Monday, September 20, 2010

It's not always about the Q

Summit had a great AKC weekend. Saturday he double Q'd with two first places. He had two great runs and I'm feeling pretty good about our teamwork in preparation for Nationals next month.  Sunday morning he dropped a bar in jumpers. That afternoon in standard, I decided to execute a handling strategy that would not have been my first choice if I wanted to run clean. However, if executed correctly, would create a much tighter turn on a 180 and would give my dog better turning information quicker. Well, my timing was slightly off and we had a refusal. The rest of the run was nice though. I had several people tell me later what a great run we had and too bad about the refusal. When I explained that I wanted to step outside my "handling box" even though I knew I may not execute correctly, they were shocked. "But didn't you want to Q? You could have won!"

The one thing I dislike about AKC is the double Q requirement. The one thing I really like about AKC is the double Q requirement. Hmmm.. let me explain.

If I have a clean run in the morning, I will choose to run conservatively in the afternoon in order to get a QQ. By conservatively I don't mean slow (like I could really slow Summit down on the course anyway). But I don't take risks. I handle efficiently. Unfortunately this doesn't really teach me anything new. The handling choices I make are based on a history of success.

However, if we do not have a clean run in the morning, the afternoon is wide-open for creativity and trying new strategies. Pushing the envelope so to speak. This is when I really learn about our teamwork and what skills we may be weak on or possibilities I didn't know existed. Yes, you can try this stuff in training but it's when a team is under the stress of competition that is really where the good feedback comes.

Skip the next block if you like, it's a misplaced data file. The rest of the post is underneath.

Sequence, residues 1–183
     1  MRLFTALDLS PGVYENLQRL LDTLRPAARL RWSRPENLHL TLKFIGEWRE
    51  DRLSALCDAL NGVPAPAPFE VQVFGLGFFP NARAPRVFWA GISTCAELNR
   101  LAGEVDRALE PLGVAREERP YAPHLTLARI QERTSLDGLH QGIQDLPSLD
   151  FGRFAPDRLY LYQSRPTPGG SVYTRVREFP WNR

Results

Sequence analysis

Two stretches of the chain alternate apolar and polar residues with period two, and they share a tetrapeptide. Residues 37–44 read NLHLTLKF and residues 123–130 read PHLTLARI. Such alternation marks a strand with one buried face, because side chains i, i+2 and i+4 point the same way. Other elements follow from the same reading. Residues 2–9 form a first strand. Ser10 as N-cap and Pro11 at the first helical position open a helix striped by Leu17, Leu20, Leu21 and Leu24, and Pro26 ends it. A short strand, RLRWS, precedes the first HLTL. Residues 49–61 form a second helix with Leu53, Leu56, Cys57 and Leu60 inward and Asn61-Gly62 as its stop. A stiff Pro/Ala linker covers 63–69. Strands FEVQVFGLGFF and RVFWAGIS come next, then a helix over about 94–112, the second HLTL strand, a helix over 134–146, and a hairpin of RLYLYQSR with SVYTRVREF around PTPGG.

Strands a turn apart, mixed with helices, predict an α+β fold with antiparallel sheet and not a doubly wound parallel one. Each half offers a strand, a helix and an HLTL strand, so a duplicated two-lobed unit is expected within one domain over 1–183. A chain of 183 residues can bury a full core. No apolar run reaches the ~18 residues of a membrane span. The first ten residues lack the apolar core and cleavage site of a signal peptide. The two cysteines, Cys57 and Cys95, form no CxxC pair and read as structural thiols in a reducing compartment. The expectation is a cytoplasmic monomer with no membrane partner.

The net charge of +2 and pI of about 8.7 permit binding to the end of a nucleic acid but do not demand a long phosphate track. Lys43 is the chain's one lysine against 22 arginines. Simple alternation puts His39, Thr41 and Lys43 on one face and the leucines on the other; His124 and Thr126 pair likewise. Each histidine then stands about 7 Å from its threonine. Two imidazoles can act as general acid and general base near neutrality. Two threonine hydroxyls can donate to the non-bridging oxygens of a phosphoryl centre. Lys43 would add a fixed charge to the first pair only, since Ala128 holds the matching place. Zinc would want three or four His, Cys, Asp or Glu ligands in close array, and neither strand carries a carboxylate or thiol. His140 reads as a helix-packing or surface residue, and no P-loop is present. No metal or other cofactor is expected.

I have video from this weekend and will post as soon as I get them. Meanwhile, here are a few videos from the USDAA trial a few weeks ago. Unfortunately, I don't have any of his Gamblers, Snooker, or Jumpers - just these few.

Grand Prix - 2nd place. Really wide turn at the beginning. Lot's of dogs went wide here. Not sure why. Although I think I could have improved my location (closer to the jump where the turn occurred). Also, my backward motion (albeit just a few steps) also cued the extension.

Steeplechase Finals - 3rd place. I caused the bar with my late FC at the end and then I almost fall on my face before the last jump.

Masters Standard (Saturday). Would have been 1st place. One bar. He actually only dropped three bars the entire 3-day trial but the only video I have is of those with bars (except GP) ;-)

Masters Standard (Sunday) - one bar. The grass was dead and slick on the takeoff side so may have contributed to the dropped bar as quite a few other dogs dropped the same bar


Ricky the Sheltie said...

Interesting what you say about the QQ's - I do hear a lot of people at trials saying "no chance now for a QQ so I'll try something new or different in the next run." Wish we could all forget about the QQ every time!

Enjoyed your runs - Summit's teeter is awesome - don't know why I didn't notice before. I think it's because I try to focus on your handling and not on Summit!

Morganne said...

Thanks. When Summit was in Novice, he would often slide completely off the end of the teeter before he learned to gauge pivot points.

Kathy said...

I admire that you were willing to step out of your normal handling box, and I do think it is sort of sad that there is so much emphasis on the double Q so I think a lot of people just really play things so safe all the time that is not good ;-(, but like you said it can have its good side. Great post. Love watching your runs.

Christine said...

Great post. Its good to challenge, its how we improve, and that is what I have promised Rivi, and it is so exciting. Wish we could QQ over here it would be something to aim for...